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Alleged shooter suffered from PTSD after Iraq

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Police have not released a motive for the double-murder and apparent suicide Friday in Makiki, but court records show the alleged shooter was struggling with post-traumatic stress disorder related to combat.

Friends said Kristine Cass, 46, was trying to end a relationship with Clayborne Conley, who allegedly shot her and her 13-year-old daughter, Saundra, before shooting himself.

Conley was a former Hawaii National Guardsman, discharged more than three years ago after serving in Iraq in 2005. Before his deployment, he had no psychiatric problems, but after returning appeared socially withdrawn and made false statements, court documents said.

After returning, he suffered from insomnia, combat nightmares, startle reactions, morbid ruminations, suicidal thoughts, and alcohol abuse, court records said.

Fred Ballard, spokesman for the Department of Veterans Affairs in Hawaii, said PTSD can have a range of symptoms from insomnia to domestic abuse, but violent outbreaks are less common.

It’s not clear whether someone can get rid of the disorder, and treatment usually deals with teaching the person how to cope, he said.

Veterans Affairs has an eight-week intensive program for treating PTSD at Tripler Army Medical Center and gives those diagnosed with the disorder a "tool box" to deal with the problem, he said.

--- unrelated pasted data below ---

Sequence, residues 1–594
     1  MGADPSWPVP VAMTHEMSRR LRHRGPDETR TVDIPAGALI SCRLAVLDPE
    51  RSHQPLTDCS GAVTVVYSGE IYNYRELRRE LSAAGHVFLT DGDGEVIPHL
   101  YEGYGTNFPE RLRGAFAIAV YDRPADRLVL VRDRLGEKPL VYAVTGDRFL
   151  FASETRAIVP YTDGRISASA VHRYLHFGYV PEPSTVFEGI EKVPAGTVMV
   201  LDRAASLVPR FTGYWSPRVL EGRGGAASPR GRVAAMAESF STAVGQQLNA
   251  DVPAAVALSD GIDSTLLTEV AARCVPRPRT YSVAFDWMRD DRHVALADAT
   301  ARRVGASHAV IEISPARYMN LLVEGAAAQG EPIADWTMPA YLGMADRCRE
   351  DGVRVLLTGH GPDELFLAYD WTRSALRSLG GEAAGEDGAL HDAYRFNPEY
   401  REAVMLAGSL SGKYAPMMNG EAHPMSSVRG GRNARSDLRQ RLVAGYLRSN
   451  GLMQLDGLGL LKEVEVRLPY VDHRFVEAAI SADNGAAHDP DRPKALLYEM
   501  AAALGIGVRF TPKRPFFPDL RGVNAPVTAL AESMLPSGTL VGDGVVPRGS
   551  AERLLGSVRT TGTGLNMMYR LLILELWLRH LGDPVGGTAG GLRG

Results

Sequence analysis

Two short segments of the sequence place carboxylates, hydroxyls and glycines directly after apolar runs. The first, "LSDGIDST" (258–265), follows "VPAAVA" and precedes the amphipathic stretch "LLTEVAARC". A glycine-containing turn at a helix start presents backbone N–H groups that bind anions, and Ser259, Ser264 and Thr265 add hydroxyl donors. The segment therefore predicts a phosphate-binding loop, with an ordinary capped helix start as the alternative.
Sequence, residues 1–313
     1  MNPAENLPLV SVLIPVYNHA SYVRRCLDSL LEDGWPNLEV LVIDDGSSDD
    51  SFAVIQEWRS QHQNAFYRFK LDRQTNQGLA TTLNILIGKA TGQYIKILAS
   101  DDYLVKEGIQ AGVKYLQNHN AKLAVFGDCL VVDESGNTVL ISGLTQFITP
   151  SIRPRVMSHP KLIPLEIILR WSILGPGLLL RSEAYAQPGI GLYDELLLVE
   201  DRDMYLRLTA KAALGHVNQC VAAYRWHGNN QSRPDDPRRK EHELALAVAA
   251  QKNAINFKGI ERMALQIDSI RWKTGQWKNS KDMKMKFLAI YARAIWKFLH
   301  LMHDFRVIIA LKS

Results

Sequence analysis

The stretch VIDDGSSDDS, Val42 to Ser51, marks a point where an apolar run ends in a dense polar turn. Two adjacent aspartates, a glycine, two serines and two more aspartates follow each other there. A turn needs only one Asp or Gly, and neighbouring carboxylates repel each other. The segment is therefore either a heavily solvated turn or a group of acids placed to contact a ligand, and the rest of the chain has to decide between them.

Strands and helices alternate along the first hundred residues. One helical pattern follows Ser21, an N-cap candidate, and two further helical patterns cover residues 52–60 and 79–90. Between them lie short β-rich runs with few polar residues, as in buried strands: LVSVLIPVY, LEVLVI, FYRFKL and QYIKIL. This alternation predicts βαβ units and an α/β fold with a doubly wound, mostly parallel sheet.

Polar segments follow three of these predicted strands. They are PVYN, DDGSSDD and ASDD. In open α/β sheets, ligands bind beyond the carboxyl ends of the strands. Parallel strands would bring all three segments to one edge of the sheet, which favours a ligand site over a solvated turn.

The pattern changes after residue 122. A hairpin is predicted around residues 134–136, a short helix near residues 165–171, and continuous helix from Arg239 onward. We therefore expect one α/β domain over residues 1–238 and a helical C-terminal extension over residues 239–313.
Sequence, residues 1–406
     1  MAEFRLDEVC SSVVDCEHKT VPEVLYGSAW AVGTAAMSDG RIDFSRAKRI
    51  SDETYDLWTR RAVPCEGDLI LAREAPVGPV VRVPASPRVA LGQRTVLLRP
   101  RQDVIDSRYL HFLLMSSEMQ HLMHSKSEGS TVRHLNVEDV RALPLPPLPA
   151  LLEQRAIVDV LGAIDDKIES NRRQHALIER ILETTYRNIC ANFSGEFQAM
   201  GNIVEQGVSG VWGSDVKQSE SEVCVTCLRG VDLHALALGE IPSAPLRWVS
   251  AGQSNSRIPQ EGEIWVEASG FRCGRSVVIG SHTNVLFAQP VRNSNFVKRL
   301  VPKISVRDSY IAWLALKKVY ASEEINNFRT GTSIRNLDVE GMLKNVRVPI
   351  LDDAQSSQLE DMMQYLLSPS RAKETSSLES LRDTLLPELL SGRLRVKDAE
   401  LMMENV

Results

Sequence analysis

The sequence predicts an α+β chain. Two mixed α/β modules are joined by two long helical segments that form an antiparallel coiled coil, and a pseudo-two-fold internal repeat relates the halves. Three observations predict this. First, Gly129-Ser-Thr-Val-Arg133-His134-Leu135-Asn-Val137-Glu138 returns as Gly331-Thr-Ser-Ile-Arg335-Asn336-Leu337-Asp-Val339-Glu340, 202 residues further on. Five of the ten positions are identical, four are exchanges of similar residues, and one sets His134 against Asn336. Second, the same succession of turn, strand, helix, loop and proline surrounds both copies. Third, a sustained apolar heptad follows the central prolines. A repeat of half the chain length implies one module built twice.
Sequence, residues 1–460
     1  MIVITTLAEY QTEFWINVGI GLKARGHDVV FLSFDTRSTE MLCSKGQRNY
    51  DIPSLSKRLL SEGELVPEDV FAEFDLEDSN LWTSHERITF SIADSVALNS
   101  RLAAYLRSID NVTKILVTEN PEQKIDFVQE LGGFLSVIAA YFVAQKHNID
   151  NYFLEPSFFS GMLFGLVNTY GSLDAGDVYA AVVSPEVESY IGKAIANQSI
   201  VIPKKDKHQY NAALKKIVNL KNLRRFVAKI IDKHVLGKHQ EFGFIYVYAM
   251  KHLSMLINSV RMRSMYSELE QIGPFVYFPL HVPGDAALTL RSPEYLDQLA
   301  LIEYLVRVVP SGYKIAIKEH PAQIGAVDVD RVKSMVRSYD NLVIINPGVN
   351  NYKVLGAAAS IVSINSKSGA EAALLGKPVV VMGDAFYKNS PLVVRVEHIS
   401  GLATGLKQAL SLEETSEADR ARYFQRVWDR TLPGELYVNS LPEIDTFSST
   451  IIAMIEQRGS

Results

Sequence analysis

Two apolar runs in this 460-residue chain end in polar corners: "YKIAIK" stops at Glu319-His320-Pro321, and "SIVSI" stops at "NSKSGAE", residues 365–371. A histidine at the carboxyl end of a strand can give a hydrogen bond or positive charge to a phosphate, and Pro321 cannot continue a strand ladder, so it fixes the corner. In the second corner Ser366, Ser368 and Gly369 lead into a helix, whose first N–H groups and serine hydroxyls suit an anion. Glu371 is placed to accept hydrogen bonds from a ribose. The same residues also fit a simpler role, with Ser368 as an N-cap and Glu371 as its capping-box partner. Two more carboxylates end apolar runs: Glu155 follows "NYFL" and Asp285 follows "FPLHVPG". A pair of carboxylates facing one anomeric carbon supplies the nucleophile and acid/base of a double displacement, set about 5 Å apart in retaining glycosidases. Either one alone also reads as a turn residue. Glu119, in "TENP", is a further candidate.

"It’s not like a broken leg," he said. "It never really heals. It’s just how you handle it."

In May, Conley passed a mental health review hearing, six months after being released from the Hawaii State Hospital.

According to court records, Conley, 43, was "doing fine" at the review hearing and was scheduled for a six-month review in December.

But a friend of the victim who knew Conley told the Star-Advertiser that Conley was missing his sessions for PTSD at Tripler and recently was feeling depressed.

Conley was committed to the state hospital in January 2009 after he was acquitted by reason of insanity of first-degree burglary and second-degree criminal property damage. He had allegedly entered a stranger’s apartment on Ward Avenue in January 2007 and thrown furniture off the lanai.

According to court documents, Conley said he heard a loud noise, thought he was under attack, heard voices telling him to attack and threw the items off the lanai to defend himself.

Two doctors on a court-appointed panel in the case diagnosed Conley with post-traumatic stress disorder, but a third said he was struggling with a drug problem.

Janice Okubo, Department of Health spokeswoman, said that after the courts commit a person to the hospital, the courts decide when the person can leave the hospital.

Mayra Grambs, executive director of Mental Health America of Hawaii, said the diagnostic criteria for PTSD does not include becoming violent and she didn’t know what percentage of those with PTSD become violent. But she said war has many negative effects on people, including issues with domestic violence, anger management, and substance abuse.

"There are a lot of consequences to the trauma of war, and what happened yesterday in Hawaii was one of those consequences," she said.

Ballard, with Veterans Affairs, said PTSD and traumatic brain injury are the predominant injuries of the current conflicts in the Middle East. Ultimately, he said, the veteran has to want to get treatment.


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